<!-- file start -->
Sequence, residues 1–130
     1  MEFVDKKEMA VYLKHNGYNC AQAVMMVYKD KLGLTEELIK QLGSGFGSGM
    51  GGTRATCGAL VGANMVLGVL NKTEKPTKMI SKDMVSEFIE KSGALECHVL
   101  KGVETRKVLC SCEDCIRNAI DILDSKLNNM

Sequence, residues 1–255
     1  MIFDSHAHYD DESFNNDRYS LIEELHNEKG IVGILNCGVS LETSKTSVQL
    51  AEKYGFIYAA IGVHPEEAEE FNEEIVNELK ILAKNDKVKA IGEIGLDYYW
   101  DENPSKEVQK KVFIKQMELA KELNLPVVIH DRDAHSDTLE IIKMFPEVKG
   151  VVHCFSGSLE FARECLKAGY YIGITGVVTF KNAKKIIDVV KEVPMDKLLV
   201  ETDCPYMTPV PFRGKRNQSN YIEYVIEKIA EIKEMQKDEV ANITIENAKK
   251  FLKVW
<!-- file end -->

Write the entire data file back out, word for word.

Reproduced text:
Sequence, residues 1–130
     1  MEFVDKKEMA VYLKHNGYNC AQAVMMVYKD KLGLTEELIK QLGSGFGSGM
    51  GGTRATCGAL VGANMVLGVL NKTEKPTKMI SKDMVSEFIE KSGALECHVL
   101  KGVETRKVLC SCEDCIRNAI DILDSKLNNM

Sequence, residues 1–255
     1  MIFDSHAHYD DESFNNDRYS LIEELHNEKG IVGILNCGVS LETSKTSVQL
    51  AEKYGFIYAA IGVHPEEAEE FNEEIVNELK ILAKNDKVKA IGEIGLDYYW
   101  DENPSKEVQK KVFIKQMELA KELNLPVVIH DRDAHSDTLE IIKMFPEVKG
   151  VVHCFSGSLE FARECLKAGY YIGITGVVTF KNAKKIIDVV KEVPMDKLLV
   201  ETDCPYMTPV PFRGKRNQSN YIEYVIEKIA EIKEMQKDEV ANITIENAKK
   251  FLKVW